There is enough love to rescue children from foster care
This morning, 400,000 children woke up in America wondering, “Is today the day?”
Which day? The day they might finally find a “Forever Family.”
They may have entered the system a few weeks ago —or a few years ago. This may be their first foster home — or their fifth. They may have been placed with their brothers or sisters — or they may never see them again. What they all share are biological parents who cannot or will not care for them.
The child welfare system has determined that the parents of one quarter of these children — 100,000 children — are so incompetent that their parental rights have been terminated. That means that, on any given day, 100,000 American children in foster care are waiting to be adopted. Right now.
But only 13% of the children in foster care last year were adopted. (Happily, at least, that number is growing.) Why? Often, their biological parents are given many opportunities to get their lives in order. They may receive drug or alcohol rehabilitation. They may attend parenting classes. They may just be given more time. But the more time they get, the more time their children spend in foster care.
And while the average age of a child in foster care is 9, the sad truth is that their chances of being adopted plummet by the time they turn 4. After that, these children face a lifetime of transfers from one foster home to another.
Many children — over 20,000 every year — will age out of foster care when they turn 18 (in some states, 21) and become ineligible for further services.
What happens to these children, whom the system, with unintended irony, labels “emancipated?” The data is heart-wrenching. They will have no birthday parties, no college acceptance letters, no caring adults.
Instead, one in five will become homeless. Half will be unemployed at age 24. Nearly one in four will end up in prison. About 17 percent of girls in foster care are pregnant by the time they age out. (By the time they are 21, the figure is more like 70 percent.) They will experience post-traumatic stress disorder at double the rate of American veterans. And only 3 percent will earn college degrees.
Even those children who escape dire consequences will be less likely to become engaged in school activities such as sports (because they move so often), more likely to have physical and mental health problems, and less likely to form solid friendships and intimate, lifelong relationships.
There are financial costs, too. Children in foster care cost the federal government $9 billion through Social Security alone. These children consume 1.5 times the tax dollars of children who are adopted from foster care. That doesn’t count the higher costs of government dependency that they will likely require throughout much of their lives.
What does America do for our 20,000 children who age out of foster care every year? The National Council For Adoption, on whose board I sit, surveyed each of the 50 states and the District of Columbia to search for “best practices.” What they found: There are none. Each state provides a maze of bureaucracy, which each child must navigate with little support.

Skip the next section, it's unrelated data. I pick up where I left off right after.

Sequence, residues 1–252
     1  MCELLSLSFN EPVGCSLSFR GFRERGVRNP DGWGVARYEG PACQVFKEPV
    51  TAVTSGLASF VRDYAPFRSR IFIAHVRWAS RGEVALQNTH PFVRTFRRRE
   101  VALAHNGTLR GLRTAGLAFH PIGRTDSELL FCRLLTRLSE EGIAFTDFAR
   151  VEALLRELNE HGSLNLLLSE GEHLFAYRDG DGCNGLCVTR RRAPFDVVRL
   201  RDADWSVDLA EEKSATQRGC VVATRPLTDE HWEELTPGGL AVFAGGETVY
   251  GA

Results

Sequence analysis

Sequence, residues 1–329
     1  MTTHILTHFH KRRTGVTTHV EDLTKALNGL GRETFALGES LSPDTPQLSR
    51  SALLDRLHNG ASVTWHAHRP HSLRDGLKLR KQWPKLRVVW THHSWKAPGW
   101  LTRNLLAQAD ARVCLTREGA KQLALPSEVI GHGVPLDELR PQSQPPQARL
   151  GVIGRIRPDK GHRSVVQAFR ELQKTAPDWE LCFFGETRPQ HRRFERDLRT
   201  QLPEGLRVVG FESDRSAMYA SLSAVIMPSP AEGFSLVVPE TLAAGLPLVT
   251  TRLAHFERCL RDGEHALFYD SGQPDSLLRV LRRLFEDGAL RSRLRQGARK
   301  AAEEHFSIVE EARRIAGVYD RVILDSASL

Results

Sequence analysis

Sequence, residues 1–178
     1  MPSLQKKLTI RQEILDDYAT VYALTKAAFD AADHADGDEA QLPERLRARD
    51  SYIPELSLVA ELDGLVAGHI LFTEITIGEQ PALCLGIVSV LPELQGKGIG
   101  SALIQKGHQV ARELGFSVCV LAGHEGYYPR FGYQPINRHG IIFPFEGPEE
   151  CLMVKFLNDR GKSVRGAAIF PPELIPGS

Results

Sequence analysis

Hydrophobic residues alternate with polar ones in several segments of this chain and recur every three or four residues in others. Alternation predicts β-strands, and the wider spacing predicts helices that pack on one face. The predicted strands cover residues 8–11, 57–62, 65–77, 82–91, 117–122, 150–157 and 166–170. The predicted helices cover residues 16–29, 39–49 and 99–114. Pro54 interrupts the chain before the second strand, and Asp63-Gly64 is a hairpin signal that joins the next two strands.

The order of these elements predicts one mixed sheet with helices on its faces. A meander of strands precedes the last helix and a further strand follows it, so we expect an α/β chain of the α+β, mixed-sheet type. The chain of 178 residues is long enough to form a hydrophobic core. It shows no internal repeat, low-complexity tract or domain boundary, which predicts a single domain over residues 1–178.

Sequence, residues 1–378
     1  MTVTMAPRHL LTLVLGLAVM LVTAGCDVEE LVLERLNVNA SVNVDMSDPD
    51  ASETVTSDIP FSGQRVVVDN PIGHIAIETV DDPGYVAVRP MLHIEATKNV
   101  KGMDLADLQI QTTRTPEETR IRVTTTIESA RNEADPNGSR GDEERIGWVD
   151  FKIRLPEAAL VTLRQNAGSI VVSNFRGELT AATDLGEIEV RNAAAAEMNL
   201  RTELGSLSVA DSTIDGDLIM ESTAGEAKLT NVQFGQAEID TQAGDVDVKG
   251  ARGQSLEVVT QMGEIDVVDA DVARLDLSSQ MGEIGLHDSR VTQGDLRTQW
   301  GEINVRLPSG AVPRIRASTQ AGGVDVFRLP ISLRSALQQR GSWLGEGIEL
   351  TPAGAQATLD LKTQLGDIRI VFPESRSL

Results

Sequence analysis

One of the most effective states supplies children with a 20-page survival manual. Though painstaking in detail, it does not reflect what every parent of a teenager knows: Their brains are not done yet.
How many of us have waited all day for a call from our teenager, only to find her cell phone forgotten in our car? Or lovingly packed a special lunch — which he leaves in his bedroom? Today, your small gesture of kindness makes you “the best mom ever,” but tomorrow, they declare, “you are ruining my life!”
Yet our government gives advice such as this to the 17-year-old about to become “emancipated”: “According to Stat… #39.701 (6)(a), the Department is required to verify to the judge, no later than 3 months after you turn 17, that you have already received: 1) Current Medicaid card, 2) CERTIFIED copy of your birth certificate, 3) Information relating to Social Security benefits, …”
One state assures the child that he could not possibly have lost Medicaid coverage unless he has moved … or is dead.
Yet foster children are not damaged goods. If adopted into permanent homes that provide loving and appropriate support, they turn out quite well — and infinitely better than their peers who age out of care.
So what can we do?
Check out this adoption website: www.familiesforall.org.
Support legislation that facilitates adopting children from foster care.
Spread the word. 100,000 children are waiting to be adopted today.
Consider becoming a foster parent — or adopting a foster child. (Training and stipends are available.) Your steady presence in a child’s life can transform that life — and yours — forever.
There’s more than enough love in America to solve the foster care crisis. Please consider sharing your love.
Written by Rosemary Mcdonough